Kirtland Officer Disciplined Over Same-Sex Marriage Discrimination

A highly decorated Kirtland Air Force colonel who refused to sign a certificate of appreciation for a retiring master sergeant’s same-sex spouse says he was wrongly disciplined for following his religious beliefs.

Col. Leland Bohannon was relieved of command and a letter was sent by a superior officer recommending against his promotion after an Equal Opportunity complaint against him was substantiated. A religious liberties group is now demanding the reversal of the decision.

In May, Bohannon, then the commander of the Air Force Inspection Agency headquartered at Kirtland, was asked to sign certificates for a retiring master sergeant, including a “certificate of spouse appreciation,” according to an appeal letter to the Air Force from First Liberty Institute sent on Oct. 5.

The certificate is one traditionally given to the spouses of retiring military members; it is not legally required to be given and is not an official document.

Bohannon did not sign the certificate for the master sergeant’s same-sex spouse, as it conflicted with his religious beliefs.

According to the letter, Bohannon consulted others on the base and his command chaplain suggested he file a religious accommodation request that would excuse him from signing the certificate.

That request was returned “without action” six weeks later, the letter states.

Instead, an off base superior officer agreed to sign the certificate in Bohannon’s place.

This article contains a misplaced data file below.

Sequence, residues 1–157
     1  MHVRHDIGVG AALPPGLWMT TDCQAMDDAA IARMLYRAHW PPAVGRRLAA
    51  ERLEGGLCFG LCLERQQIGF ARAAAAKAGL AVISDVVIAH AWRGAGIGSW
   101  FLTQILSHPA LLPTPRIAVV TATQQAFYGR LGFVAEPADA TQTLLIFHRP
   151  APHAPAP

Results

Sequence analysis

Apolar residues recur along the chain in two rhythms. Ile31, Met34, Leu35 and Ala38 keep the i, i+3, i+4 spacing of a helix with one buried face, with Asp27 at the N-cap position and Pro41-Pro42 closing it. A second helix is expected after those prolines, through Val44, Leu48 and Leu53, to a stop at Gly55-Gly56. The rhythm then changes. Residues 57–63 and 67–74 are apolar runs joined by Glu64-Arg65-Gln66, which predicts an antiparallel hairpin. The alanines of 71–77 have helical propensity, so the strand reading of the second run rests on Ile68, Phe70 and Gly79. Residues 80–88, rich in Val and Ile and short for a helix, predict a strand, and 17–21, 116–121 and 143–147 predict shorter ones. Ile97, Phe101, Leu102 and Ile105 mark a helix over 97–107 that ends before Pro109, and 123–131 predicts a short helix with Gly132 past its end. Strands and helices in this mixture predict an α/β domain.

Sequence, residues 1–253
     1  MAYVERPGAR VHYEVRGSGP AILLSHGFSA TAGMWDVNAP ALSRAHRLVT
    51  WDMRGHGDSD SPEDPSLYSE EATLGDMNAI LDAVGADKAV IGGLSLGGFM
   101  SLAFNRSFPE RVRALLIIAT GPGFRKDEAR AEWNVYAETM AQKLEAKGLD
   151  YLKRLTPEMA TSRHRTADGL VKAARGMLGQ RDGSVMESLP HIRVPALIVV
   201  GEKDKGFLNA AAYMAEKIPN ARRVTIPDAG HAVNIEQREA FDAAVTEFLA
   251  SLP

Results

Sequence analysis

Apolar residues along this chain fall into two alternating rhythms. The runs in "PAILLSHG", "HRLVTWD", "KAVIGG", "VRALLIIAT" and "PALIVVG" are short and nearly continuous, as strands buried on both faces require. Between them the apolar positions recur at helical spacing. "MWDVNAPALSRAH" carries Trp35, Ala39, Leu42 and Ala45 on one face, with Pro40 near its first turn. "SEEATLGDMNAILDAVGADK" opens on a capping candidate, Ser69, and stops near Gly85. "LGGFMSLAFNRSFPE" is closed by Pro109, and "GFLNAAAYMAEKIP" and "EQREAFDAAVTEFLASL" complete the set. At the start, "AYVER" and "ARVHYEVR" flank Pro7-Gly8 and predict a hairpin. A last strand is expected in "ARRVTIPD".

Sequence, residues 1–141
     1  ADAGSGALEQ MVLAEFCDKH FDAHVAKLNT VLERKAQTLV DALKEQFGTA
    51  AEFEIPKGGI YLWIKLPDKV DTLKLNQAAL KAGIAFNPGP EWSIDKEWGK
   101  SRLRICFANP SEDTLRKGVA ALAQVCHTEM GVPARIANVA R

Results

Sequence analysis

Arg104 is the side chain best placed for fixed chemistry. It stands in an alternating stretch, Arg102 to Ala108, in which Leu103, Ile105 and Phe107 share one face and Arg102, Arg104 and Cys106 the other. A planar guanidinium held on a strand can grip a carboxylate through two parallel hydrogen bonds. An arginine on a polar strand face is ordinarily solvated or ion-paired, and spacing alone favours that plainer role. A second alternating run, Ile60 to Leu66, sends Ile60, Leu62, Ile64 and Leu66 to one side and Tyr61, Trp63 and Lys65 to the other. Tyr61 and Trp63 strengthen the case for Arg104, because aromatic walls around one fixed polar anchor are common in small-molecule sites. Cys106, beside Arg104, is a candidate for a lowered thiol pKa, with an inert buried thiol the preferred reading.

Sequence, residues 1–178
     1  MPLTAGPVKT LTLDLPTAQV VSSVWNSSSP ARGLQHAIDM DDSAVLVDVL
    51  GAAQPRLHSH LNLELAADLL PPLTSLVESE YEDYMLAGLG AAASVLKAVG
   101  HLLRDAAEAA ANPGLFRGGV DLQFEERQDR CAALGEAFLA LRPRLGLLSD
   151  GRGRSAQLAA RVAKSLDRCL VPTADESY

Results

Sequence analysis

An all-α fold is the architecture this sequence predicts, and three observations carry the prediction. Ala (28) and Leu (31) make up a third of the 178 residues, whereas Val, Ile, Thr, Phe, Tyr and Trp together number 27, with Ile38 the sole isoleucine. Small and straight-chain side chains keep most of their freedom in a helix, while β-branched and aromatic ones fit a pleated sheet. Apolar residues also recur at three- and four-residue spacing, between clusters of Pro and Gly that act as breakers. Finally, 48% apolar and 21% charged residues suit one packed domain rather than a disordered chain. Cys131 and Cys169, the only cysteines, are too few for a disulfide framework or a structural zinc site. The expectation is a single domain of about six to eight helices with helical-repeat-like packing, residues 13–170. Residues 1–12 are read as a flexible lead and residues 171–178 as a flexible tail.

The master sergeant subsequently filed an Equal Opportunity complaint, alleging Bohannon unlawfully discriminated against him due to his sexual orientation by not signing the certificate himself.

The complaint was substantiated, and Bohannon was removed from command and a letter was sent by a superior officer to the Air Force Brigadier General promotion board, recommending Bohannon not receive a promotion.

He has since been transferred to Washington, D.C., said attorney Mike Berry of First Liberty Institute, who is representing Bohannon.

Berry said the Air Force doesn’t provide clear guidelines to members in situations such as Bohannon’s.

“There was no guidance for him to know how to navigate that,” he said. “…The accommodation should have been granted.”

He said he was unsure of why Bohannon’s religious accommodation request was returned “without action,” as the only two options for such requests are typically approval or denial.

Berry also argues that the directive informing the Air Force’s Equal Opportunity policy enacted in 2016 contradicts existing law, in that it includes sexual orientation in the definition of “sex.”

“No airman… should ever have to forfeit their religious beliefs in order to serve in the military,” Berry said.

Paula Neira, a transgender Navy veteran, attorney and clinical program director at the Johns Hopkins Center for Transgender Health, equated Bohannon’s actions with “bigotry.”

“The military is a secular institution and if an individual’s deeply held religious beliefs prevent them from doing their duty and leading/treating all of their subordinates equally then they need to resign,” she said in an email.

A Kirtland Air Force Base spokesman referred inquiries on the case to Air Force headquarters.

“The Air Force is aware of the issue, and is working it through the proper channels,” Air Force spokesman Maj. Ethan Stoker said in an email.

In addition to reversal of the substantiated Equal Opportunity complaint, Bohannon is seeking removal of any associated unfavorable materials from his service record. He is also requesting that adequate training be given to commanders on how to deal with similar situations in the future.

“He, like me, hopes for a swift and favorable outcome,” Berry said.

Berry said they will take legal action should it become necessary.

According to an August 2015 article in the Kirtland Air Force Base Nucleus newspaper, Bohannon has more than 3,300 flying hours as a pilot, including in combat missions.

He was awarded the Bronze Star after service in Afghanistan.